Working at the Olympics

Authored by: Ken Hodge

Routledge Handbook of Applied Sport Psychology

Print publication date:  October  2010
Online publication date:  October  2010

Print ISBN: 9780415484633
eBook ISBN: 9780203851043
Adobe ISBN: 9781136966675

10.4324/9780203851043.ch42

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Abstract

I’ve always been an advocate of personal best times and to come here [the Olympics] and get two of them, I’m really pleased about that. Only about 30% of swimmers come here and do personal best times; so l made it my personal mission to get inside that 30% … I set myself a goal and I was pleased with my performance. It won’t be my last goal .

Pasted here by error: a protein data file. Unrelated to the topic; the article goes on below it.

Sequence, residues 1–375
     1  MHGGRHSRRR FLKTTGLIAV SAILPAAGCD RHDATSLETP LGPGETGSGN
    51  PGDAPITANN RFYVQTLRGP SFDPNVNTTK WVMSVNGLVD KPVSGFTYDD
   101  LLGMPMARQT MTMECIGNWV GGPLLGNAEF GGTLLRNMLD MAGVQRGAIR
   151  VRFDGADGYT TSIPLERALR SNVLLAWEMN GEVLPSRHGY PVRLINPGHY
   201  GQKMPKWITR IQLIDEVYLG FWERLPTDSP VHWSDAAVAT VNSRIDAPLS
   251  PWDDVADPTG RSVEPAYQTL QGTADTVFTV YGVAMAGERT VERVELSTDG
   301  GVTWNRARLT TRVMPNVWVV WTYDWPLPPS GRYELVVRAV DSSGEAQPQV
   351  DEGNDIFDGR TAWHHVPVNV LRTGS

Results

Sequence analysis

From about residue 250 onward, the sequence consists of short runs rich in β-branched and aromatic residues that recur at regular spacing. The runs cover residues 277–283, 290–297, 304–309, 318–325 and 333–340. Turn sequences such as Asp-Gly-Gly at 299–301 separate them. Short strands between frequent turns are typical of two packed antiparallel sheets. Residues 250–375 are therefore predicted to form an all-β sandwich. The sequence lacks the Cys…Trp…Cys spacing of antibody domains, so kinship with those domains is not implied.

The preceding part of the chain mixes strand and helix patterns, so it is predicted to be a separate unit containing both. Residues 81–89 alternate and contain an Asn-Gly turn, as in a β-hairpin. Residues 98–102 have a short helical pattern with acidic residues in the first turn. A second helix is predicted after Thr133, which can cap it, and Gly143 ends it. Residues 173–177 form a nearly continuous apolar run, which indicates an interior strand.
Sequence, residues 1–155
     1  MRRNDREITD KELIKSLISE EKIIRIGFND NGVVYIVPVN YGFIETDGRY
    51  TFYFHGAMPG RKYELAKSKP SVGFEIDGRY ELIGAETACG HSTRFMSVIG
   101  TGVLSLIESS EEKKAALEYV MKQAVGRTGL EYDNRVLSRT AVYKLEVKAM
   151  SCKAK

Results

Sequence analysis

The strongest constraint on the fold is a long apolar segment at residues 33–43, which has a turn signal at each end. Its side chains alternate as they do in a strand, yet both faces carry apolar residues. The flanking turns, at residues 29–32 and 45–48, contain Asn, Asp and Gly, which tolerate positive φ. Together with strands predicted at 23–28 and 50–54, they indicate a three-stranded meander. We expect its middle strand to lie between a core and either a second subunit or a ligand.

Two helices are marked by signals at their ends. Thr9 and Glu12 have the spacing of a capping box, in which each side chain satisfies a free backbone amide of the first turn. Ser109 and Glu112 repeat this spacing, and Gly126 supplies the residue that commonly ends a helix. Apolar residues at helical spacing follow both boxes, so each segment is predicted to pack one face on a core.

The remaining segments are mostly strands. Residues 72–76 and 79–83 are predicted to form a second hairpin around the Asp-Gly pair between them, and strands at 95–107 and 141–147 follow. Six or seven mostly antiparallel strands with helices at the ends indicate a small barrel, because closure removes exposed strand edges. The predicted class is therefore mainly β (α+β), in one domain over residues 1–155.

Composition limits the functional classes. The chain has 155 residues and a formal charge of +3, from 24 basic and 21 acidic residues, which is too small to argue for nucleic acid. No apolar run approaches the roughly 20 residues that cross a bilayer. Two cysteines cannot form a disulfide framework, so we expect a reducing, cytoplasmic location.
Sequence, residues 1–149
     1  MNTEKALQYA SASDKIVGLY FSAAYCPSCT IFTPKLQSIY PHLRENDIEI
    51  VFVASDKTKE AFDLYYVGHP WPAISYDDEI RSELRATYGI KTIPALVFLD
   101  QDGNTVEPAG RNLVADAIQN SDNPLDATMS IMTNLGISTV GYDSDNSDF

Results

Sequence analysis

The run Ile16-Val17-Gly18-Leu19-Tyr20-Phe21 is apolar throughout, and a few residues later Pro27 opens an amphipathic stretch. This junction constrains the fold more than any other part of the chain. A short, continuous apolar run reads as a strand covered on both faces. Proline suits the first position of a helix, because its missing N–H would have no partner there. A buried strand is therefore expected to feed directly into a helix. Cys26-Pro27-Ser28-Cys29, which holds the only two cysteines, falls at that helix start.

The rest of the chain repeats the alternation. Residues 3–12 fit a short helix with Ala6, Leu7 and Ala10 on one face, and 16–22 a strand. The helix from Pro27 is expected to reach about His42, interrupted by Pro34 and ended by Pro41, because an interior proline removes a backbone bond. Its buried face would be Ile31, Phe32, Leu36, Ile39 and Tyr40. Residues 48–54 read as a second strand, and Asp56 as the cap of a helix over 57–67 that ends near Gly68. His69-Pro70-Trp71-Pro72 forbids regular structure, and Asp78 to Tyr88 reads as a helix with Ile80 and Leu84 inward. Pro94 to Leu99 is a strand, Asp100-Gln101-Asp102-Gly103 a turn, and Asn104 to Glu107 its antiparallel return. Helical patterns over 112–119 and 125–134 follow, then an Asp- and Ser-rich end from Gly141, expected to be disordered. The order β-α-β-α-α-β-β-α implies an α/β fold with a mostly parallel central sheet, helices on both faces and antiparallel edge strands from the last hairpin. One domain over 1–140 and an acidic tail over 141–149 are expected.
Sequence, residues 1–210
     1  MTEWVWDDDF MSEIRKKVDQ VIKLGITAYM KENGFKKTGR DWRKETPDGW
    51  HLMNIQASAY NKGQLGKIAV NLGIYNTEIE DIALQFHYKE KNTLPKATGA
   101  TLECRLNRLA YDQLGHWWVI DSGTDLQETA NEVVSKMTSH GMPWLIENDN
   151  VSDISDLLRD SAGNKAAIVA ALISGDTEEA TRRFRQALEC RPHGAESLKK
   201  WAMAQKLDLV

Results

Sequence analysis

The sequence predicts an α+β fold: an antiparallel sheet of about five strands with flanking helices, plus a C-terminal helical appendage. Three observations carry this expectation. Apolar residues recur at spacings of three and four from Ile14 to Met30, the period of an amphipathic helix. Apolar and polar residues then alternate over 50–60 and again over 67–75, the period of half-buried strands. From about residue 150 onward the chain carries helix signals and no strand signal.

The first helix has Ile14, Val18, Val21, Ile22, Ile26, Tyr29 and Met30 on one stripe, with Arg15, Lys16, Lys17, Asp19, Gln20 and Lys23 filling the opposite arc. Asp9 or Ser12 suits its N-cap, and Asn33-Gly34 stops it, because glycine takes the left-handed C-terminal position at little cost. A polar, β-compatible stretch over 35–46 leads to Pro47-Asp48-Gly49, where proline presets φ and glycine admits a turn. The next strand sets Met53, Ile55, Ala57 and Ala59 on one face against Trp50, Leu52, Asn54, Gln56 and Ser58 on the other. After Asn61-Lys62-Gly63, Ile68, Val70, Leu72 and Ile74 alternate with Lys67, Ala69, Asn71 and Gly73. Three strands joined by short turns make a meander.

Danyon Loader (New Zealand swimmer, Olympic medalist [Loader, 1996]) As the quote above from double Olympic gold medalist Danyon Loader indicates, the Olympics are challenging (e.g., only 30% of swimmers post a personal best time); a special type of mental toughness is required to succeed at the Olympics. For most athletes, the four-year Olympic cycle generates a level of importance that defines this sporting festival as their career-culminating event (McCann, 2008). As Haberl and Peterson (2006) concluded, the Olympic “crucible creates unique pressures for everyone involved: athletes, coaches, and support staff.” (p. 29)

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